This filing season, the IRS can expect to receive an even higher number of calls given the recent federal tax overhaul. The implementation of major tax reform legislation is always a heavy lift for the IRS. Following the Economic Stimulus Act of 2008, the IRS saw a 125 percent increase in incoming calls on its AM lines from 2007 to 2008, rising from about 67 million in Fiscal Year (FY) 2007 to about 151 million in FY 2008. Similarly, the new changes to the tax code will create a lot of issues for the IRS to work through, and taxpayers will have a lot of questions. The IRS has already witnessed taxpayer confusion about withholding changes, the deductibility of prepaid property taxes, and whether states can allow taxpayers to make charitable contributions in lieu of state and local taxes to claim larger tax deductions than would otherwise be allowed because of the new $10,000 cap on the state and local tax deduction.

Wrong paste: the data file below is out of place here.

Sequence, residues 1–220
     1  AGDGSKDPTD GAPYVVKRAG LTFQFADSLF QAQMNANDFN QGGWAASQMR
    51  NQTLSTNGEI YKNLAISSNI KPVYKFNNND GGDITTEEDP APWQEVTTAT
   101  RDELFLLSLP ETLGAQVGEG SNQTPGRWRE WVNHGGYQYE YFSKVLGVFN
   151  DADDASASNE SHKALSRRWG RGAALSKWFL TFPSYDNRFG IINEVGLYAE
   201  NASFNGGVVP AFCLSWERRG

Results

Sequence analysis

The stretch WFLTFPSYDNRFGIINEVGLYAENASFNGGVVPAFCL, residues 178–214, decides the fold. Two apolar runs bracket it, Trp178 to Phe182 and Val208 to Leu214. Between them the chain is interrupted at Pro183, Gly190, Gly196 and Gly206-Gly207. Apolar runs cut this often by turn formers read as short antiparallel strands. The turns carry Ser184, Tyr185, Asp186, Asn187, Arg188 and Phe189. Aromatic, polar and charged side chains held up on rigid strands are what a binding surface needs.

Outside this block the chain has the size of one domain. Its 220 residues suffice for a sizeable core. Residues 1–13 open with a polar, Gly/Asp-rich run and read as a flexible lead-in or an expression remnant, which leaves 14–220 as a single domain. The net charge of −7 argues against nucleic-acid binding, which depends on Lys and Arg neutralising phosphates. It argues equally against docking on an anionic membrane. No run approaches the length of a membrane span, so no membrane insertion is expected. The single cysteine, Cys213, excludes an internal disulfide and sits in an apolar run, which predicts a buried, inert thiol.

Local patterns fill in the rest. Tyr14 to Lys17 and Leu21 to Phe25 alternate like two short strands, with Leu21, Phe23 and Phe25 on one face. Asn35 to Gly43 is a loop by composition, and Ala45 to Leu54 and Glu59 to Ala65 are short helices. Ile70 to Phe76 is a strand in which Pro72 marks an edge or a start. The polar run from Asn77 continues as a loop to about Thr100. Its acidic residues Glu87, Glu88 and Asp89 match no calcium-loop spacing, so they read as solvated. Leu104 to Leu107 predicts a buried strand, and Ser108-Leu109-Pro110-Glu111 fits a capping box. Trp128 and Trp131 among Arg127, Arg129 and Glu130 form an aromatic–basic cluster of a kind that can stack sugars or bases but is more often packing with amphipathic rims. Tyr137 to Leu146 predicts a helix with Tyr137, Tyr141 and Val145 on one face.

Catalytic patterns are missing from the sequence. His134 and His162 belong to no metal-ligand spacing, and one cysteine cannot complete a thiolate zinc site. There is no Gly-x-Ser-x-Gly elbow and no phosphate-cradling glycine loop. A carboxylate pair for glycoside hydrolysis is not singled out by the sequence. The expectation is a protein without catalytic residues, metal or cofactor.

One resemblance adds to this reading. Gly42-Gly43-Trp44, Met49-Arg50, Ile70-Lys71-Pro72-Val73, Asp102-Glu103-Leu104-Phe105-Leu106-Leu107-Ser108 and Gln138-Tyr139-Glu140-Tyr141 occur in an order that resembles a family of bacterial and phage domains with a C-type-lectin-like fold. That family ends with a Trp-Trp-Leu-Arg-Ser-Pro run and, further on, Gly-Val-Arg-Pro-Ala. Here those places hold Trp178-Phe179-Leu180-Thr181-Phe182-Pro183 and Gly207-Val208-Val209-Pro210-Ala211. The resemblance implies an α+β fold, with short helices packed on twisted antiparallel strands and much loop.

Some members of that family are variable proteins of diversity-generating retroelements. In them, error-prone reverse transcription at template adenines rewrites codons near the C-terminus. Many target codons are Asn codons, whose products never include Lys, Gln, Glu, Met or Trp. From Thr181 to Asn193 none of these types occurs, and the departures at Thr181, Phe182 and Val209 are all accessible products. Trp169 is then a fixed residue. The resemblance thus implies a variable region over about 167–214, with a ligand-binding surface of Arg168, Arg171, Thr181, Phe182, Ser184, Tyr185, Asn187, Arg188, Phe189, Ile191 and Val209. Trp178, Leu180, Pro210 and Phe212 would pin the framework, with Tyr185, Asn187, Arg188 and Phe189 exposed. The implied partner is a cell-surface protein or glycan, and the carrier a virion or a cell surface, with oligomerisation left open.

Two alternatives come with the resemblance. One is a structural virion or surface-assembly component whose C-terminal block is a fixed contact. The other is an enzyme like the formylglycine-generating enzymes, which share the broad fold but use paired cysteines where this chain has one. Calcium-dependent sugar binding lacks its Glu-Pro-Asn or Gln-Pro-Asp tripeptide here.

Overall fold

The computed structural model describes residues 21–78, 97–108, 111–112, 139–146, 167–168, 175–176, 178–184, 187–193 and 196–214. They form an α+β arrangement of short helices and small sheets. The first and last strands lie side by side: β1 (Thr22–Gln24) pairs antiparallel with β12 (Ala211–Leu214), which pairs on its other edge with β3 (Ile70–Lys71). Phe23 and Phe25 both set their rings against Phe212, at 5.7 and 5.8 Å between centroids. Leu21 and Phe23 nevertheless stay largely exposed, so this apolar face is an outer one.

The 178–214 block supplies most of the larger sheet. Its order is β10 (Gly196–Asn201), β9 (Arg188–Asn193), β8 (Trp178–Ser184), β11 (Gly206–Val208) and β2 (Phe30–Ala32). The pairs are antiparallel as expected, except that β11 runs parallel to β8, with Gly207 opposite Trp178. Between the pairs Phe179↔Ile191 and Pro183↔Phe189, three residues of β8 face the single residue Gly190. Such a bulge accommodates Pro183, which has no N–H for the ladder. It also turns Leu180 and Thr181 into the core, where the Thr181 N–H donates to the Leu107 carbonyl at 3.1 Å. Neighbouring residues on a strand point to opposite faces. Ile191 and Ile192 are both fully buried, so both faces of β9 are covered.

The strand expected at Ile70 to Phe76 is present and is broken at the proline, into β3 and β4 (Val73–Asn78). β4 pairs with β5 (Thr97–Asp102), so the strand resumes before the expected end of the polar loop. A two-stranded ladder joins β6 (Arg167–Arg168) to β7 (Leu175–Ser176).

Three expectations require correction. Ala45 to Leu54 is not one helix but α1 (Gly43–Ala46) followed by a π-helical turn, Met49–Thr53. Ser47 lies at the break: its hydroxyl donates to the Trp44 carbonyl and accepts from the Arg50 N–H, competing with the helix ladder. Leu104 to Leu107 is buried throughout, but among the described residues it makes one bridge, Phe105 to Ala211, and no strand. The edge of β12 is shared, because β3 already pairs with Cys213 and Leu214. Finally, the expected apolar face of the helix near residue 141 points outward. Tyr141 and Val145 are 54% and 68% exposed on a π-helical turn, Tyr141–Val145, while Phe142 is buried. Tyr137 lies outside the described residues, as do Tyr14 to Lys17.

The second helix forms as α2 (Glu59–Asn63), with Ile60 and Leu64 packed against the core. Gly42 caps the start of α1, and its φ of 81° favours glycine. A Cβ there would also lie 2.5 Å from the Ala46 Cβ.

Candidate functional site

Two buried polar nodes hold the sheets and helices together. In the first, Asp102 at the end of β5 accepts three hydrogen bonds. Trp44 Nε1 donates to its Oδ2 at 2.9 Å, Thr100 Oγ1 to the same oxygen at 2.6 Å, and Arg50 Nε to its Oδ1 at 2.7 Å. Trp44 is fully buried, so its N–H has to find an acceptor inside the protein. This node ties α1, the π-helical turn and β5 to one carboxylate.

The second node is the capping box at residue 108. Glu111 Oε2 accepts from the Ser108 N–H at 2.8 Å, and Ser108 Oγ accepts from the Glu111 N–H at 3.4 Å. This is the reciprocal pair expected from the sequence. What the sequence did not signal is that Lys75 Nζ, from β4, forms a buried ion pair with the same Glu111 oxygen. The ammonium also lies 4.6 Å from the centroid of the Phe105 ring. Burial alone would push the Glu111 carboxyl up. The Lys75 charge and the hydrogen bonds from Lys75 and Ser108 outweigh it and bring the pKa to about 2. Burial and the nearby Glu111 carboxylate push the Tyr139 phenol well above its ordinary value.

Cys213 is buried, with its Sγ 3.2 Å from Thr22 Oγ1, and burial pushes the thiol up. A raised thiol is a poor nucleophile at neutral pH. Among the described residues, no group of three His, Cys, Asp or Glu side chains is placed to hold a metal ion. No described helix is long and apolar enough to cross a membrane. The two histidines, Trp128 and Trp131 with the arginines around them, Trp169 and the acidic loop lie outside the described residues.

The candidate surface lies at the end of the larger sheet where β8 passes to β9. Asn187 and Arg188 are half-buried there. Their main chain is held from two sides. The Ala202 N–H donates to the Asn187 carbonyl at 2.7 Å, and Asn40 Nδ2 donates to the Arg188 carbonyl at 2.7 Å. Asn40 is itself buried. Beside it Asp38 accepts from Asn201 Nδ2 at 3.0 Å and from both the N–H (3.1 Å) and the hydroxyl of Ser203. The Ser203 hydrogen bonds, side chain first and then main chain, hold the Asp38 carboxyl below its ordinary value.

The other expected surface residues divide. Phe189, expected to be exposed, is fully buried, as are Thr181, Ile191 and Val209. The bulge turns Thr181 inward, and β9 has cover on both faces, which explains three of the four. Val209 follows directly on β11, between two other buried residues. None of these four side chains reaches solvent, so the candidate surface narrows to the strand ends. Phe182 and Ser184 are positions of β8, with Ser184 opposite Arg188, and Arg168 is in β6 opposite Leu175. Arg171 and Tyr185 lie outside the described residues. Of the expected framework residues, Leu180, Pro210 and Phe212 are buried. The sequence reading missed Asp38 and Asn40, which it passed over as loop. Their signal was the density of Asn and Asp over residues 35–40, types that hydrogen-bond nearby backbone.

Questions about tax reform aren’t just limited to newly enacted provisions. During my recent appearance on CSPAN’s Washington Journal call-in program, taxpayers asked whether the tax treatment of Social Security benefits had changed under the new law, whether the additional deduction for elderly or blind taxpayers has been retained, and whether the standard deduction for home office expenses was repealed. The IRS can expect to receive a significant number of similar questions over the coming year, especially after taxpayers file their 2017 returns and wonder how items will be treated for 2018. Yet since 2014, the IRS has refused to answer any tax law questions on the phone or in the TACs after the last day of the filing season, so after April 17th this year, taxpayers will be out of luck if they want to talk to their government about tax law questions. While I understand IRS budget constraints (probably better than most people), this position is just plain bizarre and inexcusable. I am aware of no other tax administration that refuses to talk to its taxpayers and answer their tax law questions. I don’t expect the IRS to give taxpayer-specific advice, but it must explain the basic outlines of provisions so taxpayers can determine (1) whether provisions apply to them and (2) whether they need to seek professional advice with respect to their specific situation. The IRS’s failure to answer tax-law questions is a violation of two important taxpayer rights – the right to be informed and the right to quality service.